Student Research

2021 Student Undergraduate Research Festival

Posters and presentations were prepared by Health Sciences and Public Health students for Carroll's 2021 virtual Student Undergraduate Research Festival (SURF) based on research projects they did under the supervision of Health Sciences faculty or as part of an internship.

Gwyneth Lyman (Major: Anthrozoology)

Research Mentor: Gerald Schafer; Field of Study: Health Sciences, Anthrozoology

The Mental Health Considerations of Having an Animal Companion for Impoverished Populations

Objective: To review literature on the impact of companion animals on mental health in low-income populations.

Methods: PubMed and CINAHL were used to identify literature on the relationships between mental health and the presence of a companion animal in low-income populations.

Results: Certain factors, like the cost of animal care and the destruction of property by an animal, were shown to be stressors, but overall, animal companions were found to have a strong, positive associations with owners’ improved mental state. This may be due to increased social interaction and routine formation.

Conclusions: The benefit of pet ownership is suggested by research to have an overall positive impact on the mental state of low-income owners. Support structures providing greater access to food, toys, and veterinary care for impoverished pet owners would provide many with the resources needed to support their animal and in turn, their own mental health.

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Kendyl Pierson (Majors: Health Sciences, Public Health)

Research Mentor: Gerald Schafer; Field of Study: Health Sciences

Finding the Most Effective Treatment Method for Myofascial Trigger Points: A Systematic Review

Myofascial Trigger Points (MTrP’s) are muscular nodules found in soft tissue often surrounding an injury and are commonly found in major muscles used in strenuous activity. Although the exact number of those with symptoms of MTrPs is unknown, it is estimated that this illness affects as many as 9 million people in the United States. MTrP’s can affect any population but especially those who participate in sports. MTrP’s reduce muscle elasticity, cause weakness, and produce pain in response to direct pressure. By looking at studies that compare different treatment plans, this research will identify the most effective approach to address MTrP’s. Research will provide information to both clinical treatment outlets and to the general public in order to help individuals make more informed decisions on the most economical treatment option for their specific case.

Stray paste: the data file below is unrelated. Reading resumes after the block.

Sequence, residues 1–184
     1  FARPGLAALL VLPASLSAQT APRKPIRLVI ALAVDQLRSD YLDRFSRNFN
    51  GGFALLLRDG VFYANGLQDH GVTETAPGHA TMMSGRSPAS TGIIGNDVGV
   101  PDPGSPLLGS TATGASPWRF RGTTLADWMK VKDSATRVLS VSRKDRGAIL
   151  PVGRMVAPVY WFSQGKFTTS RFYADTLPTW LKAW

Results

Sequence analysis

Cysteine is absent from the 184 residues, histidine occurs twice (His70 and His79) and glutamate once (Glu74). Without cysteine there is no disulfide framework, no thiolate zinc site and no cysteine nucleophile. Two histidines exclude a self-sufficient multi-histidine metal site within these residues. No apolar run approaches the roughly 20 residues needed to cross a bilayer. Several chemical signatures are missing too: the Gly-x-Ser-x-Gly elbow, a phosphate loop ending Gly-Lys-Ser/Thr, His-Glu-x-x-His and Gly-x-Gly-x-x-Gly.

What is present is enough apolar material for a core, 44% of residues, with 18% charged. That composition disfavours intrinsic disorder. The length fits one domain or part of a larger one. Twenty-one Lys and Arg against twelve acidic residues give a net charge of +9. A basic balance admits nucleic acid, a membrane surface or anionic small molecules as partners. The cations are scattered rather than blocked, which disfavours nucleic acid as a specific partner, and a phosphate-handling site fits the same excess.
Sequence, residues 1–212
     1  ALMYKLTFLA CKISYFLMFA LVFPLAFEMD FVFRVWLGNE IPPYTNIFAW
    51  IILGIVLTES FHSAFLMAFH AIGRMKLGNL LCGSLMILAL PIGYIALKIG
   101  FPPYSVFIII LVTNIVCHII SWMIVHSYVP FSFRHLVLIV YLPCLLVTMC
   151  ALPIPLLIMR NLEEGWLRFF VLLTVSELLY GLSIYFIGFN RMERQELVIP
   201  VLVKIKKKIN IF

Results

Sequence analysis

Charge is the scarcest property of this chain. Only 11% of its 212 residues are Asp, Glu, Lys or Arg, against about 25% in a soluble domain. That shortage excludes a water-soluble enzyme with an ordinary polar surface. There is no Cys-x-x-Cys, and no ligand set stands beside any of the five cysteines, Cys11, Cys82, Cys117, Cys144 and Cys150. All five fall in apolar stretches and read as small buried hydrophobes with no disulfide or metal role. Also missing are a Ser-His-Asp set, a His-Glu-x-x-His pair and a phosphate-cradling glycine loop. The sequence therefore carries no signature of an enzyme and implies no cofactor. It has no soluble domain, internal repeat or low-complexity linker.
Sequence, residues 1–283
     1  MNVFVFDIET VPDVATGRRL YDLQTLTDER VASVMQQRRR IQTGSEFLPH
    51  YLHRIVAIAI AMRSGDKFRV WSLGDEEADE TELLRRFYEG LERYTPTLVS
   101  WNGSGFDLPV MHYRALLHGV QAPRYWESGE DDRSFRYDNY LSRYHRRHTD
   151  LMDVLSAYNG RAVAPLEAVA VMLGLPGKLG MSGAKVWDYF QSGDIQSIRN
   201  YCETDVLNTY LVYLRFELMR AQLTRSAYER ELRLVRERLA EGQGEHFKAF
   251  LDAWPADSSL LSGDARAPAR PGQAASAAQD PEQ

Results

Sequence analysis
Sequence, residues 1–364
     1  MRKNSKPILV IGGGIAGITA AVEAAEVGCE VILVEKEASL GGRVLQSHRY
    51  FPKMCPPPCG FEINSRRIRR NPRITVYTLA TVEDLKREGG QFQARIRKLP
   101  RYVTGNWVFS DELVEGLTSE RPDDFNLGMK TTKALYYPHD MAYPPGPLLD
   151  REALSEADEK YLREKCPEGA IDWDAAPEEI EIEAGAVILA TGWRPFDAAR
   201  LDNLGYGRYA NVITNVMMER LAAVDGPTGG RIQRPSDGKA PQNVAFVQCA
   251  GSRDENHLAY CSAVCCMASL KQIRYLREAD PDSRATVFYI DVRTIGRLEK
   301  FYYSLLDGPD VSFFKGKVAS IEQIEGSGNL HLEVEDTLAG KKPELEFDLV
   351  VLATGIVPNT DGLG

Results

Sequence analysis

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Serena Nelson (Majors: Health Sciences, Psychology)

Research Mentor: Gerald Schafer; Field of Study: Health Sciences

Neurofeedback Training as an Intervention for Children with Autism Spectrum

Objective: To review relevant literature analyzing the effectiveness of neurofeedback training (NFT) as an intervention for children with Autism Spectrum Disorder (ASD).

Methods: Studies were gathered through PubMed and CINAHL to evaluate the change in cognitive, behavioral, and social difficulties associated with ASD.

Results: The six studies included in this review reported cognitive, behavioral, and social improvements for children with ASD that received NFT. Studies showed that brain activity (as measured by EEG) normalized in comparison to typically developing (TD) participants. Parents reported that participants' behavioral and social symptoms reduced in severity.

Conclusion: The use of NFT as an intervention for children with ASD is associated with an overall improvement in functioning and a decrease in symptoms

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Broder Thurston (Major: Health Sciences)